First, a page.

Two Experimental Traffic Orders to close Windham Road for a distance of 10m at its junction with Ashley Road, and also Cleveland Road will be closed to motor vehicles over the railway bridge between Windham Road and St Clements Road.  Plans have now been delayed on the Cleveland Road project. Read more on this below. 

Stanley Green Road 

Bournemouth Echo:

Stanley Green Road will see closures implemented at three junctions, with through traffic prevented on Tatnam Road, Wimborne Road and on the one-way section westbound at Vicarage Road. From August 21, 2020 until March 7, 2021. 

Victoria Park Road

Bournemouth Echo:

An experimental junction closure will be implemented on Victoria Park Road, between the junctions with Oates Road and Namu Road.  Implemented the week commencing August 17, 2020. The ETRO can run for up to 18 months, with a review of the changes planned for early 2021.

Whitecliff Road

Bournemouth Echo:

Whitecliff Road will be closed to all motor traffic at Keyhole Bridge to prioritise walking and cycling in the area. The closure applies to motorised traffic only, so people will still be able to walk and cycle under Keyhole Bridge. Works were due to be implemented the week commencing August 17. The council will undertake a review after six months.

What’s happened so far?

Council leaders have already delayed plans to block off stretches of Boscombe and Southbourne Overcliff Drive to motorised traffic following a backlash from residents, opposition councillors and the hospitality industry.

The changes have been put on hold to allow more time for “dialogue with local residents”.

The local authority has also delayed plans to close off Cleveland Road between Windham Road and St Clement’s Road for motor vehicles due to growing concerns before the scheme had even been publicised.

BCP Council abandoned a scheme which would have involved East Overcliff Drive being blocked between its junctions with Manor Road and Meyrick Road after a backlash from hoteliers.

Councillor Andy Hadley said hotels’ concerns were “understood” and that it was “simply not the time” for the measure to be introduced.

What have council leaders said?

BCP Council's transport portfolio holder Andy Hadley wrote in a letter to the Daily Echo: "We have been working flat out with the staff to deliver meaningful change to support people who walk and cycle at these locations."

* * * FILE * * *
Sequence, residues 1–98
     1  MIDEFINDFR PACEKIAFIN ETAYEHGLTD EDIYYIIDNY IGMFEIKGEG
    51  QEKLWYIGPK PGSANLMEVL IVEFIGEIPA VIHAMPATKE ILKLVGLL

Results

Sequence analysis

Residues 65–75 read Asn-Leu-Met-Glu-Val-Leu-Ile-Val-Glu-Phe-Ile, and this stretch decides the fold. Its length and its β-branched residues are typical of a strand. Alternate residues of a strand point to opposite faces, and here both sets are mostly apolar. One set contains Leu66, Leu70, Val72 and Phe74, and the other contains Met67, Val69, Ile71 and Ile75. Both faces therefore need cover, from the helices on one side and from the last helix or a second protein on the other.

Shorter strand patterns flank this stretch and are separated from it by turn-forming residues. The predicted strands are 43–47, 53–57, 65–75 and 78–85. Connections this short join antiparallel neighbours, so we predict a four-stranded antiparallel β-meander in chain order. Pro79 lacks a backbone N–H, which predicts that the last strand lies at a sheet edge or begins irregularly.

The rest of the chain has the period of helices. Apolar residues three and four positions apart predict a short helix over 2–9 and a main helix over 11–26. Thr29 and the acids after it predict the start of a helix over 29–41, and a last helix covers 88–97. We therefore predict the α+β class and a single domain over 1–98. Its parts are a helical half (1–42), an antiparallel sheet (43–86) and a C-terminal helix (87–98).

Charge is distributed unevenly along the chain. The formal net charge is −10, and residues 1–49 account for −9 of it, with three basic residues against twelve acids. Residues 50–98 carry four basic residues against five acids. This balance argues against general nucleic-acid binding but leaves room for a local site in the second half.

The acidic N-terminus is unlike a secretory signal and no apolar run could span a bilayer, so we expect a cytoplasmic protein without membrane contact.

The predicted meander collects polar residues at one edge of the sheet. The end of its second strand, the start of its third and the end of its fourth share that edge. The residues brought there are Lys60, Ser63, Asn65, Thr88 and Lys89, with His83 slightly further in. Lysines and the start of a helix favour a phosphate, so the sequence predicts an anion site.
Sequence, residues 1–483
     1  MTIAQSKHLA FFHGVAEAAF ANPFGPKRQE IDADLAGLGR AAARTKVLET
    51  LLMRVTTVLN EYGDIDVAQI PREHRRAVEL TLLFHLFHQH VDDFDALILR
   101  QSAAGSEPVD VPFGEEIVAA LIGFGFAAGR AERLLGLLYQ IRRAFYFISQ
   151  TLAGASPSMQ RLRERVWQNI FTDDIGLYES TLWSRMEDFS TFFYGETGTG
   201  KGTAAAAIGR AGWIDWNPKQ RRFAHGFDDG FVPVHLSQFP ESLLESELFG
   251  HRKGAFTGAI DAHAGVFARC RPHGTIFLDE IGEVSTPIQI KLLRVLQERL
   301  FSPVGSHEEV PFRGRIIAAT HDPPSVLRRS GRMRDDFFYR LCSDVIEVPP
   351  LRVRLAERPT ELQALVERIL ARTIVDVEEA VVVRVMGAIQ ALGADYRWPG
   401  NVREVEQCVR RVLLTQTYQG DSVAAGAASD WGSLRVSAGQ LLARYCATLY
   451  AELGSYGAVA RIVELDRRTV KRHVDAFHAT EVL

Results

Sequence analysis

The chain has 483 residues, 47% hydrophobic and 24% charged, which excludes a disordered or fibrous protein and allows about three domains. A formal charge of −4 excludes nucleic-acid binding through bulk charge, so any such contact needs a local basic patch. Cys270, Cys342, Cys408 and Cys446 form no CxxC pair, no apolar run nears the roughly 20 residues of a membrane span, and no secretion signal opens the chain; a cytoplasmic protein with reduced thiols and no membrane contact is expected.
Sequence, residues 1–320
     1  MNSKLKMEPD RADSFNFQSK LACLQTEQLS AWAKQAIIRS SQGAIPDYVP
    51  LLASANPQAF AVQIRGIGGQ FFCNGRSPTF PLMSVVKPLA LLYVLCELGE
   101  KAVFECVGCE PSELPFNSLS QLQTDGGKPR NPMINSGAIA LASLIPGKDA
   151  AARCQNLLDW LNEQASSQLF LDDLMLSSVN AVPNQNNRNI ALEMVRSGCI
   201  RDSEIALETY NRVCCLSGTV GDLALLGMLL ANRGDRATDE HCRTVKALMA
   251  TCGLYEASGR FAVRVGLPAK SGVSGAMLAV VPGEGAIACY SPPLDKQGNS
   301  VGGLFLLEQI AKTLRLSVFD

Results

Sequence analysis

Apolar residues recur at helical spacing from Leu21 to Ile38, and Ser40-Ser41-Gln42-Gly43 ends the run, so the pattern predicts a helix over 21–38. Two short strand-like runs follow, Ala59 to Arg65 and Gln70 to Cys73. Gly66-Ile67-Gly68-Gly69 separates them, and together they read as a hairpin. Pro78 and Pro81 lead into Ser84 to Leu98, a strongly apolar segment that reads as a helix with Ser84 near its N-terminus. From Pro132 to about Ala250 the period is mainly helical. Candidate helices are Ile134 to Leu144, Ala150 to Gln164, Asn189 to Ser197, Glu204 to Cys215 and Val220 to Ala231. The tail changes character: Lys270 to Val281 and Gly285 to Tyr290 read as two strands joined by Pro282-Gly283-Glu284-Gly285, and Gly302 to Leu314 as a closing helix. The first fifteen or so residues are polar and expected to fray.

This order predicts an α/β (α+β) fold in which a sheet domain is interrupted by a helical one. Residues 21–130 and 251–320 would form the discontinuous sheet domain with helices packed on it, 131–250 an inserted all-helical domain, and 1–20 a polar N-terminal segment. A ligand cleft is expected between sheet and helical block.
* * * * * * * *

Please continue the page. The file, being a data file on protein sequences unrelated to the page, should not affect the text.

In a statement announcing the decision to delay the overcliff schemes, he said: "As part of the response to COVID-19, it’s clear to see that the way we travel is changing, and as we head towards the new normal – going back to school and returning to workplaces – we want to support people to choose to travel more sustainably for shorter journeys."

Cllr Hadley added: "We must recognise that doing nothing will not solve congestion, or deliver on our climate emergency response, and that some of the respondents were keen to see the scheme implemented."

Why are the schemes controversial?

Some residents have raised concerns about roads being closed off to traffic and creating rat runs elsewhere.

Concerns have also been raised about attempts to stop councillors from sharing information about active travel schemes being put forward by BCP Council.

Emails sent to councillors with details of projects planned in their wards have all asked that the information be kept “confidential”.

Councillor Drew Mellor, the leader of the Conservative opposition, said it amounted to “banning” councillors from discussing proposals with the public.

Anything else? 

Future schemes include an experimental closure in Leven Avenue for all motor traffic to prioritise walking and cycling, between the junctions of Benellen Avenue and Walsford Road.

On Glenferness Avenue, a protected cycle lane will be installed using flexible bollards installed to separate and protect users from motor traffic, and also discourage cycling on the pavement, providing a safer route for all.